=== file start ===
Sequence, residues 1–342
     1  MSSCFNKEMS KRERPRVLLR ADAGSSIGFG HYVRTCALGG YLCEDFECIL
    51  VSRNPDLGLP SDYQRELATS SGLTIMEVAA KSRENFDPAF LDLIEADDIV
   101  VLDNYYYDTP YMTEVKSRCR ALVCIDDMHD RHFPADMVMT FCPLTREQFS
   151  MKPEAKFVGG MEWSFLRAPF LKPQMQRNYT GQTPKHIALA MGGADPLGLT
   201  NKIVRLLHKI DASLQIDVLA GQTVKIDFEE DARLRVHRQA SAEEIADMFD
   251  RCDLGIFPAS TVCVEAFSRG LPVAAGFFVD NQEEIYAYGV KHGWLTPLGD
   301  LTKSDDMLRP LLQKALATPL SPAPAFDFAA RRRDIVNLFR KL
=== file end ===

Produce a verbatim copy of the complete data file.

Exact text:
Sequence, residues 1–342
     1  MSSCFNKEMS KRERPRVLLR ADAGSSIGFG HYVRTCALGG YLCEDFECIL
    51  VSRNPDLGLP SDYQRELATS SGLTIMEVAA KSRENFDPAF LDLIEADDIV
   101  VLDNYYYDTP YMTEVKSRCR ALVCIDDMHD RHFPADMVMT FCPLTREQFS
   151  MKPEAKFVGG MEWSFLRAPF LKPQMQRNYT GQTPKHIALA MGGADPLGLT
   201  NKIVRLLHKI DASLQIDVLA GQTVKIDFEE DARLRVHRQA SAEEIADMFD
   251  RCDLGIFPAS TVCVEAFSRG LPVAAGFFVD NQEEIYAYGV KHGWLTPLGD
   301  LTKSDDMLRP LLQKALATPL SPAPAFDFAA RRRDIVNLFR KL